The Little Hours: Forsooth a harmless jape, less than the sum of its cast

By Jim Slotek

In The Little Hours, an all-star sit-comic lineup tackles bawdy medieval material with the seriousness of an extremely-extended Funny Or Die/Drunk History episode.

The result isn’t a laugh-a-minute jape, but there is an admirable commitment to the premise – however mysterious the motivation was for making this movie in the first place.

Beautifully shot in northwest Tuscany, The Little Hours is the story of three very bad nuns: Parks and Recreation’s Aubrey Plaza, Community’s Alison Brie and comedian Kate Micucci (who was Raj’s phobic girlfriend in The Big Bang Theory), taken from a sex-obssessed story from Giovanni Boccaccio’s 14th century work The Decameron.

 Micicci, Brie and Plaza: Three very bad nuns indeed.

Micicci, Brie and Plaza: Three very bad nuns indeed.

There is about the same level of verisimilitude you’d find in a Mel Brooks historical comedy, with everyone talking in their own particular American accent, and acting pretty much the way we’d expect them to be off-camera.

Plaza, she of the famously-angry deadpan, is the angry nun Fernanda, who tends to wield knives at the drop of a habit (and turns out to have an even darker side). Brie is the sunshiny princess who finds work at the convent beneath her and accepts, with sad equanimity, her parents’ insistence that she be cloistered.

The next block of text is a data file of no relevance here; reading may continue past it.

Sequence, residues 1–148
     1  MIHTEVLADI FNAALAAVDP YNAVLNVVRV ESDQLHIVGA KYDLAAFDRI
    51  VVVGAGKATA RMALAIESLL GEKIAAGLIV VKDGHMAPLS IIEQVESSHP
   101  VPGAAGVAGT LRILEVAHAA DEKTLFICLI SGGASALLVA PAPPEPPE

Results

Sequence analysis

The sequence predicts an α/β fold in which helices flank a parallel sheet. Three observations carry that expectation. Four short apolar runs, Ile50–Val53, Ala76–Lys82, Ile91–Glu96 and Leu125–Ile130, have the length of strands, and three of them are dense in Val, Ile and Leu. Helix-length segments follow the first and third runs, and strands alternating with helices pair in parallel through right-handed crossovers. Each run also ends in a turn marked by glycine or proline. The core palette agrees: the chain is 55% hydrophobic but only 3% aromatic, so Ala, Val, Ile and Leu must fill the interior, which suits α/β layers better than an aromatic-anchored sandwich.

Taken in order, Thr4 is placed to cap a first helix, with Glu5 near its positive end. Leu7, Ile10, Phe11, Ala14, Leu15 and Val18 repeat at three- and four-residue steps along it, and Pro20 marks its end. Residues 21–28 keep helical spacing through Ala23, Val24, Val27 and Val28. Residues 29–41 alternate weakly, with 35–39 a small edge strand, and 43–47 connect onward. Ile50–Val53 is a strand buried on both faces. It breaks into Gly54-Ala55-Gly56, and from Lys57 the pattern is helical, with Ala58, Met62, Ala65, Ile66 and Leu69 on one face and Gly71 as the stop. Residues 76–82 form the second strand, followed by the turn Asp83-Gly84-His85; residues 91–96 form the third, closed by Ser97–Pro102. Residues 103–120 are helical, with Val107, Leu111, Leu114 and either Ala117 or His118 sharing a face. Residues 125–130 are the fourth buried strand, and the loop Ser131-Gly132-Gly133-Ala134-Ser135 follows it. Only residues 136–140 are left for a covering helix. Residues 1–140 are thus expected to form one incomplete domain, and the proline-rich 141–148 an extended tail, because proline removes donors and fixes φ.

And Micucci? She’s a snitch who wants to fit in. But really she’s there to show her made-for-comedy face.

In a story that plays out almost like a spoof of The Beguiled, the three (and mother superior Molly Shannon) are joined by Massetto (Dave Franco) a servant on the run from a cuckolded master (Nick Offerman). Needing a place to stay, Massetto is convinced by the convent’s drunken priest Father Tommasso (John C. Reilly) to pose as a deaf-mute for propriety’s sake as he takes on the job of convent handyman.

Nonetheless, pleasing to the eye, Tomasso’s very presence disrupts the uneasy truce between the three nuns, and soon, there’s all kinds of fornicative transgressions going on, incuding what amounts to a boozy, sexually-experimental nun pajama-party.

In The Little Hours' one flat-out hilarious scene, Massetto confesses the details of his previous adultery, and Father Tomasso must decide right then and there in the confessional which act constitutes sodomy (pretty much all of them, as it turns out).

In a movie that always seems to always be trying to figure out the right tone for its premise, the one comic actor who really nails it is Fred Armisen as the visiting Bishop Bartolomeo, who is there to pick up the pieces when various deeds come home to roost in an orgy of, well, orgies, and even intimations of dark arts. Hitting a note-perfect flabbergasted tone of “ARE YOU SERIOUS?” he pulls every sinner down to earth and gives the movie a last-act that at least pulls all its comic pieces together.

In the end, The Little Hours is a curiosity with a terrific comic cast, playing out undoubtedly the single oddest project any of them have tackled in years.

The Little Hours: Written and directed by Jeff Baena. Starring Aubrey Plaza, Alison Brie and Dave Franco. Opens July 14 in Toronto (TIFF Bell Lightbox) and Vancouver.


Jim Slotek

Jim Slotek is a former Toronto Sun columnist, movie critic, TV critic and comedy beat reporter. He’s been a scriptwriter for the NHL Awards, Gemini Awards and documentaries, and was nominated for a Gemini Award for comedy writing on a special (the NHL Awards). Prior to the Sun, he worked at the Ottawa Citizen as an entertainment reporter.